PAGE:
Cynefin: Jon Pountney meets farmer and musician Tom Jenkins

Tom Jenkins is 35 and lives at the top of the valley ridge between Church Village and Pontypridd.

He’s quite unique in that as well as being a full-time farmer, he’s also a very talented musician and songwriter – using the land that raised him as inspiration for his art.

Tom Jenkins © Jon Pountney

“It starts with family, that’s where you are brought up and brought up. You feel part of the landscape, as a farmer,” he says.

”I’m the third generation now, working on the same land…and you want to continue for the next generation, which is my nephew. I work seven days a week. There is a sense of pride in maintaining it, in becoming part of the landscape in a sustainable way”.

National Wales: © Jon Pountney© Jon Pountney

I meet Tom on a cold but very bright day, as he watches his sheep in the peaceful rural fields of Pen-y-coedcae.

National Wales: © Jon Pountney© Jon Pountney

His dog Alf facilitates the work of rounding up the herd.

In fact, he springs into action in a black and white flash across the grass, like a genie jumping out of a bottle.

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“The sheep are Welsh highlands, the base of the flock. Different sheep suit different regions. They are a very tough breed,” says Tom.

He reflects on the nature of agriculture in 2022, an ancient livelihood: “You are stewards of the land, a place to belong.

“How not to be inspired, especially on a day like today? »

National Wales: © Jon Pountney© Jon Pountney

He’s right, it’s an absolutely perfect day, and my kind of light.

The sun doesn’t make much of an effort to rise, but its low light gives the whole thing a cinematic quality.

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“We are going through a period of uncertainty for agriculture across Wales,” says Tom

“You hear about big corporations buying up land and planting trees and forests to offset their carbon footprint and run empty flights.

National Wales: © Jon Pountney© Jon Pountney

“My dad went to buy machinery from a farm the other day, and the farm was for sale.

“Apparently the biggest interest came from an airline.”

National Wales: © Jon Pountney© Jon Pountney

I ask Tom how young people can get into farming. It is not easy.

“The average age of a farmer is around 54 and it’s very difficult to get interested in farming because of the price of land,” says Tom.

“In terms of food production, it is worrying that food is imported from all over the world.”

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During the lockdown, they experimented with local produce, he explains: “We started growing potatoes, and it got a lot of interest just by selling them at the end of our lane. .

“People were saying it was amazing, hand picked food, £5 for 12 kilos of potatoes that will last a long time.”

National Wales: © Jon Pountney© Jon Pountney

Tom explains that there are pressures for sustainability and environmental concerns ultimately: “This farm has been in an environmental program for 20 years, we’ve fenced off the ponds, planted hedges, improved the forests – so we’re reseeding .. 15-20% is reseeded.

“But the land must also be used to produce food. You are not there to make money. You want to farm because that is what you love to do.

“It’s our patch, and if we can use it to produce food to feed people, then great.”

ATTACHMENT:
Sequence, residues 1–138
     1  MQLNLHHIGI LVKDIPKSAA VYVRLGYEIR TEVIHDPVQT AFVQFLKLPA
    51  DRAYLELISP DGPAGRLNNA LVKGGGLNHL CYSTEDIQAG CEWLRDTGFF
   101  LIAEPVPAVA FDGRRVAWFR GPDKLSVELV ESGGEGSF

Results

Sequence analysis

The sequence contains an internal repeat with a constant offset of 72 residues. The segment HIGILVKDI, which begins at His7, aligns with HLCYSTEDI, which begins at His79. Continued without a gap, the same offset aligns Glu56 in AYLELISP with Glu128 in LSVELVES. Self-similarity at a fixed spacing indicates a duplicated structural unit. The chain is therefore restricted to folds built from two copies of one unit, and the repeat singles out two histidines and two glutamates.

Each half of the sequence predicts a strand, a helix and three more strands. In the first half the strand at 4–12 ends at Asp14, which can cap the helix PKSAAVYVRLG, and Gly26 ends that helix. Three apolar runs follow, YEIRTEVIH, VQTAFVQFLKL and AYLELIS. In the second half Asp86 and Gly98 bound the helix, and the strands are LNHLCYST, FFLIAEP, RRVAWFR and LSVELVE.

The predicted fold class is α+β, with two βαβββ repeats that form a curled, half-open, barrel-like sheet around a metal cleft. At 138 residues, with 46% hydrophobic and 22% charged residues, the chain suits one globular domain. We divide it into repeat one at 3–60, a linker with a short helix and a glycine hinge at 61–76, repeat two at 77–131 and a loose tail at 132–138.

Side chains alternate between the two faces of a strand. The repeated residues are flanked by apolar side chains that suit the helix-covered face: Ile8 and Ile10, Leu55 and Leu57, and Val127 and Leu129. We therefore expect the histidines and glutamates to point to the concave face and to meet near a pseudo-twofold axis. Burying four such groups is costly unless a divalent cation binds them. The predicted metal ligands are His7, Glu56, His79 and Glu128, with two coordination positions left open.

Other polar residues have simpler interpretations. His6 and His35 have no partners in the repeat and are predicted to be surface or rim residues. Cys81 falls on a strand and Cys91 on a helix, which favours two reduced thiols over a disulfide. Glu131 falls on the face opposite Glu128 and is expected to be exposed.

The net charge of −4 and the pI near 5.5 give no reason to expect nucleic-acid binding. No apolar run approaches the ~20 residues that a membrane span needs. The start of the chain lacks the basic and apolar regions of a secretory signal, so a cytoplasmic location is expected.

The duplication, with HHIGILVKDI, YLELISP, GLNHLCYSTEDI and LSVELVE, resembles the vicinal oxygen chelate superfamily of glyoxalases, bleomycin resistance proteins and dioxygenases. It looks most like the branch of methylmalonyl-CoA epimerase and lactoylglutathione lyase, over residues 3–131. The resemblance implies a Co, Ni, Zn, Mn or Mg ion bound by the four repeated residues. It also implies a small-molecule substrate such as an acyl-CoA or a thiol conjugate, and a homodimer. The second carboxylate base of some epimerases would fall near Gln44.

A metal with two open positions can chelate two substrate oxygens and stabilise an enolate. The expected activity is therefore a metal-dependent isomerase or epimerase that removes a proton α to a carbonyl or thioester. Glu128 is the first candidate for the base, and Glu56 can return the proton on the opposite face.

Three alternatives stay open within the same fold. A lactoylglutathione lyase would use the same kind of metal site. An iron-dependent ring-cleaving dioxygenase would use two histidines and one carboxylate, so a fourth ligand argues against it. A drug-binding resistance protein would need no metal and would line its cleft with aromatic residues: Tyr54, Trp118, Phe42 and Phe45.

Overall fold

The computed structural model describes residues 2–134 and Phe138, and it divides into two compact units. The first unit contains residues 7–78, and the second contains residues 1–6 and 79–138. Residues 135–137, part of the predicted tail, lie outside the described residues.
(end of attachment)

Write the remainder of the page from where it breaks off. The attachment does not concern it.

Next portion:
National Wales: © Jon Pountney© Jon Pountney

Nevertheless, among all the pressures, directives and patterns, there is a beautiful area to ponder, with an interesting contrast of histories – the industrial history for which the valleys are world famous and the history of rural agriculture which is much less known, but far, much older.

How does this universe inspire Tom musically?

“A lot of the music is written around these local areas; looking at the valley every morning is inspiring,” he says.

National Wales: © Jon Pountney© Jon Pountney

“The people are inspiring. The local community is a working class village where I was raised and went to school. I released ‘When the Coal Dust Settled’, which was songs about the farming the land, and the other part of my family who were coal miners.

“Keeping the heritage through the music, we are all proud people of the Valleys. A lot of people don’t have much around here, but there is a part of pride in the origin and it is in my music “.

As an artist, I’m always curious to hear how other creatives draw their inspiration. How does Tom get a first understanding of a melody or a lyric?

National Wales: © Jon Pountney© Jon Pountney

“Just driving the tractor, or spending a lot of time alone, a melody comes to me,” he explains. “Or strum a guitar, even in the fields something will come to me, lyrics, and I’ll put it in my phone”.

Tom is in the process of converting one of his barns into a rehearsal space and recording studio, so the actual atmosphere and vibe of the space will be recorded on tape: “We are recording in the barn, Sounds good in there. It was full of hay bales so we emptied it.

“I’d like to bring other bands over there if we can, and use it as a space for the community. Sell stuff there too.”
National Wales: © Jon Pountney© Jon Pountney

Jon Pountney is an artist living near Pontypridd. Although best known for his photography, he also paints, and his work is about community and a sense of belonging. The idea for “Cynefin” came to him during confinement, with explorations of his region. He will travel across Wales to talk to people about their ideas about living and how the country’s places and landscapes reflect and shape the personality of its people.

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